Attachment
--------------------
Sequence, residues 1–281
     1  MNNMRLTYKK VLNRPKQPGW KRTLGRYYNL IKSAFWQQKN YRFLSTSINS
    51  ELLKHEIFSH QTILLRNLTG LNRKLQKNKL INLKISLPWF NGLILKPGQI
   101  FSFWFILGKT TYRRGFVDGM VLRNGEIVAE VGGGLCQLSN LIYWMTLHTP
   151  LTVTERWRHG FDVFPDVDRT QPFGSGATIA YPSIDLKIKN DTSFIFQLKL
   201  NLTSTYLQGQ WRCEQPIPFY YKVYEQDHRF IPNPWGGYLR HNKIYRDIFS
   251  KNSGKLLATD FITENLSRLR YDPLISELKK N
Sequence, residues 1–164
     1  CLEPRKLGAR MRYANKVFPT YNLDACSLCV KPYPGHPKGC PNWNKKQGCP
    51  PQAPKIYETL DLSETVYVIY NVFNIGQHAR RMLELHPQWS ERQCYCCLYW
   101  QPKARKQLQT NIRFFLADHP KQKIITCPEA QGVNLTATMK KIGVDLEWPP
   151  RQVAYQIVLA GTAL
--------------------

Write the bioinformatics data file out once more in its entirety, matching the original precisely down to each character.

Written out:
Sequence, residues 1–281
     1  MNNMRLTYKK VLNRPKQPGW KRTLGRYYNL IKSAFWQQKN YRFLSTSINS
    51  ELLKHEIFSH QTILLRNLTG LNRKLQKNKL INLKISLPWF NGLILKPGQI
   101  FSFWFILGKT TYRRGFVDGM VLRNGEIVAE VGGGLCQLSN LIYWMTLHTP
   151  LTVTERWRHG FDVFPDVDRT QPFGSGATIA YPSIDLKIKN DTSFIFQLKL
   201  NLTSTYLQGQ WRCEQPIPFY YKVYEQDHRF IPNPWGGYLR HNKIYRDIFS
   251  KNSGKLLATD FITENLSRLR YDPLISELKK N
Sequence, residues 1–164
     1  CLEPRKLGAR MRYANKVFPT YNLDACSLCV KPYPGHPKGC PNWNKKQGCP
    51  PQAPKIYETL DLSETVYVIY NVFNIGQHAR RMLELHPQWS ERQCYCCLYW
   101  QPKARKQLQT NIRFFLADHP KQKIITCPEA QGVNLTATMK KIGVDLEWPP
   151  RQVAYQIVLA GTAL